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Voices

If Mum were here today, this is what I’d say to her this Mother's Day

It’s eight years since my mother passed away, and I still can’t find the words to thank her for all she did for me, writes Claire Micks.

Image: Shutterstock/demarcomedia

MOTHER’S DAY WAS always a hassle in our house. One of us would inevitably forget, and there would be panicked hungover dashes to the local petrol station where the only card left would have gold embossed sunflowers all over it, together with some ridiculously grandiose poem.

There’d be secret deals struck between siblings, where the less organised would routinely get shafted by those who’d somehow managed to purchase a plausible bunch that didn’t look like they had been picked three months earlier and left in the back of the service station ever since.

Grand gestures would be made of ‘someone else making the dinner’. This would invariably result in more work for my long suffering mother as she diplomatically tried to limit the damage, and salvage whatever was left of her kitchen after the tornado of her children ‘cooking’ had been through.

Thereafter she’d religiously ‘Ooh!!!’ and ‘Ahh!!!’ at whatever paltry offerings the Shell station had pieced together for the SOS brigade that particular year, and never, ever moan that her children couldn’t manage even one day out of 365 where they put her above themselves.

Took her for granted

She was so, so grateful for any little effort we made on her behalf, and in return we took her for granted.

We were young, and clueless, and assumed we had a lifetime of Mother’s Days ahead of us when we would be more grown up, and less self obsessed. ‘Next year we’ll make more of an effort….’ we always assured ourselves. ‘Next year we’ll get our act together’.

I wasn’t fit to do the eulogy at her funeral. Couldn’t be that philosophical, or measured, or composed about the loss of the woman who had brought me into this world. I often wish I had been.

Instead, my older sister delivered it, cobbled together hurriedly the night before, in the most surreal and bizarre of circumstances, without all the due thought and consideration and time that should go into such a crucial message. Without any of us really knowing what we were doing.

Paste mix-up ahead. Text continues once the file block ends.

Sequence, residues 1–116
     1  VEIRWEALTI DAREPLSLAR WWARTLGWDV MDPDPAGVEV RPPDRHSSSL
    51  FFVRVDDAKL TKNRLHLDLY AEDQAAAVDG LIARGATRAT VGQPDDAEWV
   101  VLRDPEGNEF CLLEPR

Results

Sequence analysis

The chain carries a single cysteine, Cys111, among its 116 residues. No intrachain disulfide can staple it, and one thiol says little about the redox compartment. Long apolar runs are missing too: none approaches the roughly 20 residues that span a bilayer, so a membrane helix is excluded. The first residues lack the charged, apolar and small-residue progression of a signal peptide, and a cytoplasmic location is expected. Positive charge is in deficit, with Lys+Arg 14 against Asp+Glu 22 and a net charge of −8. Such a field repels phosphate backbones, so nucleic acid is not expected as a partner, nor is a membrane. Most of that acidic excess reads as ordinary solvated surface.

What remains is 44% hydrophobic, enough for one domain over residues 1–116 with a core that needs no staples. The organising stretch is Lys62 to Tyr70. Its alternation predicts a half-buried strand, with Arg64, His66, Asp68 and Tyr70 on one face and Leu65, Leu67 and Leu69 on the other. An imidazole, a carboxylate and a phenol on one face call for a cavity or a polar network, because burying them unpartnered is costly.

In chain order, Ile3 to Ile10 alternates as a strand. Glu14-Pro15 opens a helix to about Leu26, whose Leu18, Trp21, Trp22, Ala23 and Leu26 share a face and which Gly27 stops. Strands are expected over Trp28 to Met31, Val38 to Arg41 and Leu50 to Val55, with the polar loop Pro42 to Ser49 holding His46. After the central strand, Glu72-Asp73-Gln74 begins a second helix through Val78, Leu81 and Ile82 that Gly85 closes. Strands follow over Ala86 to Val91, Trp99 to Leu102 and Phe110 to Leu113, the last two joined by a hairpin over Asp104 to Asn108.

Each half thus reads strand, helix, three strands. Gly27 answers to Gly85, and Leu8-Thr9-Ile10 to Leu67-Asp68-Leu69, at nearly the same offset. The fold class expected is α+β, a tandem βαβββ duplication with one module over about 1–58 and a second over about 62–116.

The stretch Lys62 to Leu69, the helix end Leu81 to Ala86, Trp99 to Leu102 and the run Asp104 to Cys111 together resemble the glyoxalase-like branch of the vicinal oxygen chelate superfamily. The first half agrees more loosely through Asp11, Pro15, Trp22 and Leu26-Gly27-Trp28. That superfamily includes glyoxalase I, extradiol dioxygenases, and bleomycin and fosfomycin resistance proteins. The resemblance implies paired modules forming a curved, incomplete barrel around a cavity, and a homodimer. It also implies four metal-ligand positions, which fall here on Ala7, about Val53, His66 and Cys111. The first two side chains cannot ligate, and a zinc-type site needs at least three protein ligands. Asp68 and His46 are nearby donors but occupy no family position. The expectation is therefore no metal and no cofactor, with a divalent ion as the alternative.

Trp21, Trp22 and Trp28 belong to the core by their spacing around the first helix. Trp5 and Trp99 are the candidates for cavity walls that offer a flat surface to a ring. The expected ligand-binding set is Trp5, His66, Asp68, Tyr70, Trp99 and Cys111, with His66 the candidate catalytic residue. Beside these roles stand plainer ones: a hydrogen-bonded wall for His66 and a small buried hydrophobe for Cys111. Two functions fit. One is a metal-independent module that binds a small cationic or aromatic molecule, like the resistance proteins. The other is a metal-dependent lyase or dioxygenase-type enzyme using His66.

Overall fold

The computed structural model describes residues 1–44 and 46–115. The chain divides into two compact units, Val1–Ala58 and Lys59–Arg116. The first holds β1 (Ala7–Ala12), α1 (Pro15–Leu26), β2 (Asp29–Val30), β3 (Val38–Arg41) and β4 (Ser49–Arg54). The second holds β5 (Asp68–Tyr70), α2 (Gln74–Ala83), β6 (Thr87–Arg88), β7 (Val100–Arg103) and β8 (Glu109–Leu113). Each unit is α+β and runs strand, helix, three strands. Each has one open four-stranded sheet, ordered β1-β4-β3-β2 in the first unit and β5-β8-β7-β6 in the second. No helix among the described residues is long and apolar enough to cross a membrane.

So instead of speaking from the heart, I wussed out and simply read a poem. Not the Four Weddings and a Funeral one. At least I hadn’t nicked it from a Hugh Grant film. Instead I nicked it from some prayer sheet I had stumbled across in Vincent’s Hospital. It was poignant, and fitting, and allowed us all to well up at the appropriate time.

Not ready to say goodbye

But they weren’t my own words. It wasn’t personal. It wasn’t unique. It wasn’t enough. It spoke of only of how this was ‘a bend in the road, not the end of the road’. How fitting? In short, I simply wasn’t ready to say goodbye.

And now on a Mother’s Day eight years later, I still can’t find the words to thank her for all she did for me. Don’t all of us struggle to think of something fitting to write inside that cheesy card? How can you possibly express your gratitude for all those years where she systematically put our needs above her own?

Ours was an old school mum. Baked brown bread and knitted our clothes. Shunned the microwave as the root of all domestic ills and had a child lock fitted to the telly. Took no short cuts and gave it her all. No Hallmark ditty would ever have covered it. But I never managed anything more profound than ‘Love Claire’.

As a kid, I made a fuss. Wasn’t shy about telling her what she meant to me. Made ridiculous, soppy cards with love hearts all over them, and misspelt professions of a six year old’s unbridled love for her mum. Collected flowers from the garden and made her breakfast (of a kind) in bed. Baked a cake and spent hours decorating it with silver balls. Then insisted she finish her slice no matter how bad it tasted.

What she really deserved 

And then I got older. And distracted. And self absorbed. And it became about groannnn…an annual Sunday event for which I was always ill prepared. Became about what little effort we could get away with, rather than about the display of gratitude she actually deserved.

Until the first year after she died. When we made more of an effort at her grave for Mother’s Day that year than we had in the previous twenty. Too little, too late. But perhaps better than nothing.

Together with so many other like minded children leaving over priced bouquets in Shanganagh. The notes might as well have read ‘Sorry for being so crap while you were still alive. You deserved better’. All those offspring who didn’t realise the value of what they had until it was gone.

Now years later, as a mother myself, it is a day which feels ill fitting. She has left such big shoes to fill, I feel like an imposter, a cuckoo, claiming this day for myself.

I will never be the mother that she was. It’s simply not in me to be. I am a child of the convenience generation who seeks out shortcuts and congratulates myself on time saved. I am not, and never will be, an old school mum.

So I don’t want to take away her day. She will always be ‘Mum’. Not me. And this will always be her special day. Not mine. Because if this ever becomes my day, instead of hers, then I know that she is truly gone. And I don’t think I will ever be ready for that.

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